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Soul Men
DVD disk
03.04.2009 By: Aaron the H
Soul Men order
Director:
Malcolm D. Lee

Actors:
Bernie Mac
Samuel L. Jackson

Rating:
Movie:
Extras:
Overall:

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WHAT'S IT ABOUT?
After their former band leader dies, 2 has-been musicians reunite and head to New York to play a tribute show at the Apollo.
IS IT A GOOD MOVIE?
I kind of put off reviewing this movie. Iíd heard it wasnít great, and I really didnít want to have to rip on the late, great Bernie Macís swan song. But after viewing this film, I just canít resist. This is no swan song; itís just loud, indecipherable noise. The story is something that could have been golden; Two aging former Soul singers, down on their luck, reunite and head out on a cross-country road trip to pay tribute to their fallen former friend. I get that the studio wanted to make a comedy, but with a story like this, this movie could have been funny and still made room for realism, emotion, and quality. But instead, the filmmakers decided forego all of these things in favor ofÖwait for itÖBONER JOKES!

You know youíre in trouble when the film starts off with a 50 year-old Bernie Mac inexplicably in a retirement community, while his same-age counterpart Samuel L. Jackson works as a mechanic and looks like a 90's gangbanger. In line with that, the # of F bombs and curse words in this film makes Boyz N The Hood look like Toy Story, and I canít for the life of me figure out what the point is. The problems are all in the script. These characters are not lovable, have both aged without an ounce of class, and spend the whole film bickering, swearing, and popping Viagra. The lewdness doesnít stop with the more than half-dozen erection gags (literally). We also get pubic hair jokes, a blowjob scene, a ridiculous jailbreak, and the biggest pair of tits Iíve ever seen (OK, I had no problem with that). This would all be well and good in a teen comedy, but what kid or even young adult is going to want to watch two middle-aged soul singers yell and sing mediocre songs for 90 minutes? For those of you looking for a good musical, look elsewhere.

The filmmakers didnít seem to put much care into the making of this thing. Itís about a cross-country road trip, and yet, Sam and Bernie never left the soundstage. The driving scenes are shot on a green-screen so bad it reminded me of that famous scene in Wayneís World. Meanwhile, John Legend (making a great cameo) apparently didnít care enough to show up to shoot his coffin scene since they used an obvious wax statue of him. As for positives? Well, Samuel and Bernie had a few good comedic moments and decent chemistry, and Bernie did have one touching, somber scene that nearly got me misty-eyed. Still, these characters were so foul-mouthed, grumpy, and just plain unlikable that it was hard to really root for them. Sam, please stick with the dramatic fare, you're great at it. Bernie, I'm sorry, you deserved better than this.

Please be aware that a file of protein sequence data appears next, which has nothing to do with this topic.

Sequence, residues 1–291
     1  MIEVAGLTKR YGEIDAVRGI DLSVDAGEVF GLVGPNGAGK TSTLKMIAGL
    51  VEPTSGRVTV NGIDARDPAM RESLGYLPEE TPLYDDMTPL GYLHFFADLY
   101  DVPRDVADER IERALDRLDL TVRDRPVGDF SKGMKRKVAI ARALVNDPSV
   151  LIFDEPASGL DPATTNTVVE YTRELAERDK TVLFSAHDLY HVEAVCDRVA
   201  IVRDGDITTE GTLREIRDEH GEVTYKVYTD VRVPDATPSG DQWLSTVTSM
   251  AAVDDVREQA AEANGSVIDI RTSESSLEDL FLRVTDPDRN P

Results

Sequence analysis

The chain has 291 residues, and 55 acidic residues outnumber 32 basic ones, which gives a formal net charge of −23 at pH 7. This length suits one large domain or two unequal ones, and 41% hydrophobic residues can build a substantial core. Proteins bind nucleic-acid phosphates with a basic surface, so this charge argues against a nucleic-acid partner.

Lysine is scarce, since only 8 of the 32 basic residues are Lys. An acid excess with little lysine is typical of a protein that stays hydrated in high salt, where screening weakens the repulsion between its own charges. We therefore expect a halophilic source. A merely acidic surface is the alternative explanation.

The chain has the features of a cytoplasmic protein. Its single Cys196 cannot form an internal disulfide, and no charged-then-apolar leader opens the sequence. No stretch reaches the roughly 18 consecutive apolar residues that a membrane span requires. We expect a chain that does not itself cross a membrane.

THE EXTRAS
Commentary with Director Malcolm D. Lee and writers Matt Stone and Robert Ramsay: The tone of this commentary is very jokey, but this right here is not: in the first few minutes, the writers mention that the idea was originally to make the film about two feuding BBQ restaurant owners, and the director jokes that he made this film for the money. That could explain a lot.

The Soul Men: Bernie Mac and Samuel L. Jackson (9:31): A short collection of clips and interviews where everyone talks about how great Sam Jackson and Bernie Mac are. I too love both these men, and I wonít blame this disaster on them.

The Cast of Soul Men (7:43): Similar to the previous feature, but now we talk about the rest of the cast and how pleased the Producers are to have them aboard.

Director Malcom Lee (2:51): Now everyone compliments the director, and he tells us he loves soul music. Have they SEEN this movie or the box office receipts? Completely and utterly unnecessary special feature.

A Tribute to Bernie Mac (7:27): Its kind of insulting that the tribute to Bernie Mac has a shorter runtime than the ďCastĒ featurette. Some sweet things are said by the crew and Bernie says some heartwarming stuff himself. I know Iím not the only one thatís going to miss this guy.

A Tribute to Isaac Hayes (4:04): People weigh in and pay tribute to the man who brought us the theme from Shaft and the voice of Chef (for starters). As one of the actresses says here, he was the ultimate Soul Man.

"Boogie Ainít Nuttin": Behind the Scenes (2:32): A weird, short feature that shows Bernie and SLJ in the recording booth showing off their vocal abilities (or lack thereof).

Bernie Mac at the Apollo (4:18): The best feature of the bunch. Bernie takes the mic at the Apollo in between scenes and we get to see him spit some jokes and do what he does best: entertain a crowd. To be there would have been something special.

Theatrical Trailer (2:26): If youíve rented this film than itís already too late. If not, just catch this instead of the movie.
FINAL DIAGNOSIS
Loud, mean-spirited and devoid of any real emotion, rent this flick only if you're feeling nostalgaic for Bernie Mac's comedic talents (he is occasionally funny in this). He's got one more film coming out this year, lets hope it's a little better.
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